An assessment of teachers’ opinions can provide vital insight into the matter. O’Neil, Gibson, and Cotton (2017) state that although many teachers see benefits in technology usage at schools, they require additional guidance in the question. Participants of the study stated that technology is a valuable tool for both teaching and learning. However, they were unsure of the ways in which it can be appropriately integrated.
Proper guidance and preparation can support teachers in adjusting to a new policy. Francom and Moon (2018) dedicate their research to design a program, which would aid elementary school teachers to prepare for using emerging technology in their classes. The participants of the study reported that the program assisted them in understanding the usage of technology better; thus, they were able to carry out the requirement of emerging technology usage into their practice. Additional benefits of the approach are the enhancement of “educational technology confidence and providing extra help” (Francom, & Moon, 2018, p. 423). The article suggests that teachers should be involved in additional activities connected to technology understanding that would assist them in their work.
Overall, the conducted literature review indicates that the application of emerging technology in schools is a practical approach to teaching and learning. However, several factors influence policy implementation in practice because people may experience difficulties with technology usage. Teachers’ personal believes and attitudes, as well as their familiarity with technology, are among crucial components for the proper execution of the strategy. In addition, support from school officials can have a beneficial impact on emerging technology applications.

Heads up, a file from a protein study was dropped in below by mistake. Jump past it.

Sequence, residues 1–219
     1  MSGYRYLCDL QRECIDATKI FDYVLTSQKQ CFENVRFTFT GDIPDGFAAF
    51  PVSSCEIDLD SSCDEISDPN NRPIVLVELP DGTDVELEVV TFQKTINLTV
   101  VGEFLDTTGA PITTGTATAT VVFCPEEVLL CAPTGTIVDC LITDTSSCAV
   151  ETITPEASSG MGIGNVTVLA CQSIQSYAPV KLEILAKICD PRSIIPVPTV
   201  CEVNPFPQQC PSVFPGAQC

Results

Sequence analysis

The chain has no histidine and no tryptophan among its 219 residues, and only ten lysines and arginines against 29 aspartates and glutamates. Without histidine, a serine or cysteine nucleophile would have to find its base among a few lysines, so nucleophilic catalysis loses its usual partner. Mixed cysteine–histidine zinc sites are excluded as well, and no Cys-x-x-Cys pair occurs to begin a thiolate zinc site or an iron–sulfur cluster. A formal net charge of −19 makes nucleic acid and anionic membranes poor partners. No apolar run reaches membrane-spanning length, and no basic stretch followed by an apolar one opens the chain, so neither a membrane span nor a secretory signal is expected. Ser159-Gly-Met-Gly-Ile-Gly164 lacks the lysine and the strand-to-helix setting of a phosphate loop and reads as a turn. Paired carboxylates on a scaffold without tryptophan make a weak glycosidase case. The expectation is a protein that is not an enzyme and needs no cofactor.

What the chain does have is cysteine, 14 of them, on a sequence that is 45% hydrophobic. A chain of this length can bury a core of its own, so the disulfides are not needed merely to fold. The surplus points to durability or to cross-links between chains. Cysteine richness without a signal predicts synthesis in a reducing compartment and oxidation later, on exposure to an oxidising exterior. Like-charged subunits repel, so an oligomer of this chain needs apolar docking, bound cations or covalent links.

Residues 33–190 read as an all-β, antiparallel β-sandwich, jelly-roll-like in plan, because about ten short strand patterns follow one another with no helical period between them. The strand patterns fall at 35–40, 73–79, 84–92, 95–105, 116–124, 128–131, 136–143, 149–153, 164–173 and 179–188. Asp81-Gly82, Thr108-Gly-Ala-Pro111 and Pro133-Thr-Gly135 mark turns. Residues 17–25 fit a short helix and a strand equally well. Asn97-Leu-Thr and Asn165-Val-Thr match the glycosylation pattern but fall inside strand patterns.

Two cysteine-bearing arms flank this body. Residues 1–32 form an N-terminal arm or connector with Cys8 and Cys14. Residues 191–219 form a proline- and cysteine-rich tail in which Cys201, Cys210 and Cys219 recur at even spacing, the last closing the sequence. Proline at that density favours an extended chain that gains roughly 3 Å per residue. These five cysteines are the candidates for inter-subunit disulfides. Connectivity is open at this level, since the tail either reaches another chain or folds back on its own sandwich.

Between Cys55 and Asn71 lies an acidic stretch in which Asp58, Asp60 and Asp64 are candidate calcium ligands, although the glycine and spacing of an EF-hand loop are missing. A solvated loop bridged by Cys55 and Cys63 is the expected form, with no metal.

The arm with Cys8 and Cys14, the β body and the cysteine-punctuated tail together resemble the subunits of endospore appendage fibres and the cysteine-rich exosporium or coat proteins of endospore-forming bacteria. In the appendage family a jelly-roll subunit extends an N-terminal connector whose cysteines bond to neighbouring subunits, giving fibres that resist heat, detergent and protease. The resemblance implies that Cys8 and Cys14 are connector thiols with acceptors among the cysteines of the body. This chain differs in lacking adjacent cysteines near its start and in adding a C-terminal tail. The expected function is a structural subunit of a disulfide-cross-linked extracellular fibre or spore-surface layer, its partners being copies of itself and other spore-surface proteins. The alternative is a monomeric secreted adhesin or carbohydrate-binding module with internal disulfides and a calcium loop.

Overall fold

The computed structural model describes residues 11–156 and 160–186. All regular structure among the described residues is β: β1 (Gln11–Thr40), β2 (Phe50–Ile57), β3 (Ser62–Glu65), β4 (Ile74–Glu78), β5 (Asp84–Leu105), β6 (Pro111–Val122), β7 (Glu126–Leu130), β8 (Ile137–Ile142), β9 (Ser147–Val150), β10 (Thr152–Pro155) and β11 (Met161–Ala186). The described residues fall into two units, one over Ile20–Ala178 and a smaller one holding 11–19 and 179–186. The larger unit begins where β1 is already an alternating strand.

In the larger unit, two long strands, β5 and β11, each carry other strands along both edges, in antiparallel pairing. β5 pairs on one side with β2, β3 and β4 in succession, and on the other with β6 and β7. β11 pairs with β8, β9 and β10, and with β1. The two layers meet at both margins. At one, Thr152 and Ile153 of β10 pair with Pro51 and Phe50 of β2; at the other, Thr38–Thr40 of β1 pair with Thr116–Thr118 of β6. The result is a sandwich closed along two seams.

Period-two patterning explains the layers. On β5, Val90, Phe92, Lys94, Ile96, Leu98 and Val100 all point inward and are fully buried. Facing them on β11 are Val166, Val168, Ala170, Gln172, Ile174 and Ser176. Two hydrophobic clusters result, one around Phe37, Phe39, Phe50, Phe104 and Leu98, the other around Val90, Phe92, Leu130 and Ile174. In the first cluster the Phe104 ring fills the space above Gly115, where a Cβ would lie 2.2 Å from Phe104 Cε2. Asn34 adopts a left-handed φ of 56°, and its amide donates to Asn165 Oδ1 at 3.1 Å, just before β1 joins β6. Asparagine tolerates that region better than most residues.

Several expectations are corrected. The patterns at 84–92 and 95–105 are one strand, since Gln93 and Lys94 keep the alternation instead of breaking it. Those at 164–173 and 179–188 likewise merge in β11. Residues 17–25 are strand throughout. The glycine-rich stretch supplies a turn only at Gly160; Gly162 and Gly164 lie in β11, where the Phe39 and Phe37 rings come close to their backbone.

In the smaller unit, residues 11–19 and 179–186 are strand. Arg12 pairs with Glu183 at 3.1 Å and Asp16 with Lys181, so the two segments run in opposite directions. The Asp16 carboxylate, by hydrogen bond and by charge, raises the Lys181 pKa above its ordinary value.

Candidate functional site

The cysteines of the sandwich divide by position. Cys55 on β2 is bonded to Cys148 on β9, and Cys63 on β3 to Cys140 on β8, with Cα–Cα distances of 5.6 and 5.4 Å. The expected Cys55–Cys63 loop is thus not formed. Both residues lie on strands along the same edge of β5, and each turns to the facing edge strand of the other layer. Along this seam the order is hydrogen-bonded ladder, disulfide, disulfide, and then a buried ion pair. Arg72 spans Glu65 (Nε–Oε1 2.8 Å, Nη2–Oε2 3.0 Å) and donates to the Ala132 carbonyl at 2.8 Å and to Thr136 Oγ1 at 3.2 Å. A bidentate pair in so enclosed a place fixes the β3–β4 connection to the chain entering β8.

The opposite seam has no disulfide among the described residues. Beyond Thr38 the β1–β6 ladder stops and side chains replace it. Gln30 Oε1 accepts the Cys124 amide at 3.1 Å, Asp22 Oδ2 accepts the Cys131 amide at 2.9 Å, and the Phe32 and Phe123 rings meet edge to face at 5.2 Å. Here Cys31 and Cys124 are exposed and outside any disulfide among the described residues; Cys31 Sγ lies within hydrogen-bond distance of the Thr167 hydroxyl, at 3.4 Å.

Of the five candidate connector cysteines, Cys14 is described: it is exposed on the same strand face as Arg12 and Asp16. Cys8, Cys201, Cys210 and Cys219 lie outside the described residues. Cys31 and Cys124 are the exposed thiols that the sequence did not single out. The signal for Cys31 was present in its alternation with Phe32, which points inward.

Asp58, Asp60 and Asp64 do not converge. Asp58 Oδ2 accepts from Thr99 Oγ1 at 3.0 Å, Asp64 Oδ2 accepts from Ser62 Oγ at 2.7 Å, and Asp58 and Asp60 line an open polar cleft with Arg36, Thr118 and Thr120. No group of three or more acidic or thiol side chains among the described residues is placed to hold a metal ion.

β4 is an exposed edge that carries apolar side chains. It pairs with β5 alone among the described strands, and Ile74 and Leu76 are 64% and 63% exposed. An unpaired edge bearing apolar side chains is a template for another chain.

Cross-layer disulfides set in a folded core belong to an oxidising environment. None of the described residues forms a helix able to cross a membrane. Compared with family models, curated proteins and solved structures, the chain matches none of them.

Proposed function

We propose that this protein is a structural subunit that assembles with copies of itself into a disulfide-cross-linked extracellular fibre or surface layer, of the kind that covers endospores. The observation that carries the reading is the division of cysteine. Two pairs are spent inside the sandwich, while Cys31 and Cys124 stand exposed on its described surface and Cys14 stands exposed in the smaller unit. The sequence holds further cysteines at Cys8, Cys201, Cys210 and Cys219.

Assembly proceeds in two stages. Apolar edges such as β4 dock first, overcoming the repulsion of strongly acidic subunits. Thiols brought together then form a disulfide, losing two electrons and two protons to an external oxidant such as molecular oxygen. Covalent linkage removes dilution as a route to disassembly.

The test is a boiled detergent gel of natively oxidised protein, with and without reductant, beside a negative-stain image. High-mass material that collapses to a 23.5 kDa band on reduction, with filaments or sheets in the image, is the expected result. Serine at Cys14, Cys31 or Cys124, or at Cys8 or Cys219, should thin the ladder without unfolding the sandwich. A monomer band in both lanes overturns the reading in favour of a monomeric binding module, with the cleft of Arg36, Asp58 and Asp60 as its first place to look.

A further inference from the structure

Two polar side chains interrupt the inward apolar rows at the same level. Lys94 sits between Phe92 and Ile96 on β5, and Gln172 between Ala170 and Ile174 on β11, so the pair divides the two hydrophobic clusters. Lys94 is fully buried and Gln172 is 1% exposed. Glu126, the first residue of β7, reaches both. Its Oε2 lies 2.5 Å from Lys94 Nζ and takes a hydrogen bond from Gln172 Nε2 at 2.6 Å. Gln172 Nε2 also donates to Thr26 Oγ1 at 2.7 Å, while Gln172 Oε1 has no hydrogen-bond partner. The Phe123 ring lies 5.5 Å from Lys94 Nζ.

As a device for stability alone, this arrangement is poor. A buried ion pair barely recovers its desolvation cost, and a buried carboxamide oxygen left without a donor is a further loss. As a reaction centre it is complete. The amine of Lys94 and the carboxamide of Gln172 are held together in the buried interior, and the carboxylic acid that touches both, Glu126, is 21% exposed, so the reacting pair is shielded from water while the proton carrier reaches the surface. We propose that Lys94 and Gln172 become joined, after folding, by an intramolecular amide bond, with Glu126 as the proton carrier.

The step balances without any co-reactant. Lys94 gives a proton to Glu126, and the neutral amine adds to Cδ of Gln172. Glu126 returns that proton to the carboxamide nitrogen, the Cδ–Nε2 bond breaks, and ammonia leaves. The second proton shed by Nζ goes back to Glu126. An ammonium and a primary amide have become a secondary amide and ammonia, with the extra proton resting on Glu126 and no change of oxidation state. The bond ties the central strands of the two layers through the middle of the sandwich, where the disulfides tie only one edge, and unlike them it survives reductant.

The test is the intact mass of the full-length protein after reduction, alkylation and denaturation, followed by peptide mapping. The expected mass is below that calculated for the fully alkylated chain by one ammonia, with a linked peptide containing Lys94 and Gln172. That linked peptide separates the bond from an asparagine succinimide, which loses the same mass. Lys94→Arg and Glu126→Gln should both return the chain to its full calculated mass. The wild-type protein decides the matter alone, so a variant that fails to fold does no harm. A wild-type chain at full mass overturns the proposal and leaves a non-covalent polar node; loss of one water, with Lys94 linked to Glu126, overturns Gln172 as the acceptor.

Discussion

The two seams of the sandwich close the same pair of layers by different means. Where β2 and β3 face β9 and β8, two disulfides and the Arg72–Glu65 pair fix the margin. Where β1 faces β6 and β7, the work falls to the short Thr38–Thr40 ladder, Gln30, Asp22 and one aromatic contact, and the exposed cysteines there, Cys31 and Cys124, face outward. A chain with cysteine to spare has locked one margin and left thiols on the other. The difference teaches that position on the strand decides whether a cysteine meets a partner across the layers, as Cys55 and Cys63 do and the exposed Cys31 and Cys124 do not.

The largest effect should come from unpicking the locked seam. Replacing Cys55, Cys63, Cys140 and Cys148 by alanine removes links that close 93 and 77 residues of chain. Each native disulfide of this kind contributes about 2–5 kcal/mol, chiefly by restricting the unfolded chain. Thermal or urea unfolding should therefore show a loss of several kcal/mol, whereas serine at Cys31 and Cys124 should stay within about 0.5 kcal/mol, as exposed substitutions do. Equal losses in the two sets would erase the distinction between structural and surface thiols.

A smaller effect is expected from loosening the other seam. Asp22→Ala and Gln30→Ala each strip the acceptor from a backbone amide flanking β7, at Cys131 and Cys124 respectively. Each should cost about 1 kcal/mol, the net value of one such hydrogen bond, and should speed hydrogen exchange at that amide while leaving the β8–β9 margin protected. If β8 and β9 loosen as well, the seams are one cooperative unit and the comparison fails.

Francom, G., & Moon, A. (2018). Enhancing educational technology confidence among teacher candidates: Benefits of and lessons learned from a 1:1 device university-elementary school partnership. Journal of Information Technology Education: Research, 17(1), 423-440.
Jones, A., Buntting, C., & de Vries, M. (2013). The developing field of technology education: A review to look forward. International Journal of Technology and Design Education, 23(2), 191-212. Web.
Kay, R., & Lauricella, S. (2018). Investigating elementary school teachers’ attitudes toward and use of STEM-based apps. In T. Bastiaens, J. van Braak, M. Brown, L. Cantoni, M. Castro, R. Christensen, … O. Zawacki-Richter (Eds.), Proceedings of EdMedia: World Conference on Educational Media and Technology (pp. 2057-2061). Amsterdam, Netherlands: Association for the Advancement of Computing in Education (AACE).
Khalif, Z. (2018). Teachers’ perceptions of factors affecting their adoption and acceptance of mobile technology in K-12 settings. Computers in the Schools, 35(1), 49-67. Web.
Kirkwood, A., & Price, L. (2013). Examining some assumptions and limitations of research on the effects of emerging technologies for teaching and learning in higher education. British Journal of Educational Technology, 44(4) pp. 536–543. Web.
Lim, C. P., Zhao, Y., Tondeur, J., Chai, C. S., & Tsai, C. C. (2013). Bridging the gap: Technology trends and use of technology in schools. Educational Technology & Society, 16 (2), 59–68.
Office of Educational Technology. (2017). Reimagining the role of technology in education: 2017 national education technology plan update. Web.
O’Neil, L. J., Gibson, P., & Cotton, S. R. (2017). Elementary school teachers’ beliefs about the role of technology in 21st-century teaching and learning. Computers in the Schools, 34(3), 192-206. Web.
Petko, D., Prasse, D., & Cantieni, A. (2018). The interplay of school readiness and teacher readiness for educational technology integration: A structural equation model. Journal of Education for Teaching 44(3), 252-257.
Rotolo, D., Hicks, D., & Martin, B. (2015). What is an emerging technology? Research Policy, 44(10), 1827-1847. Web.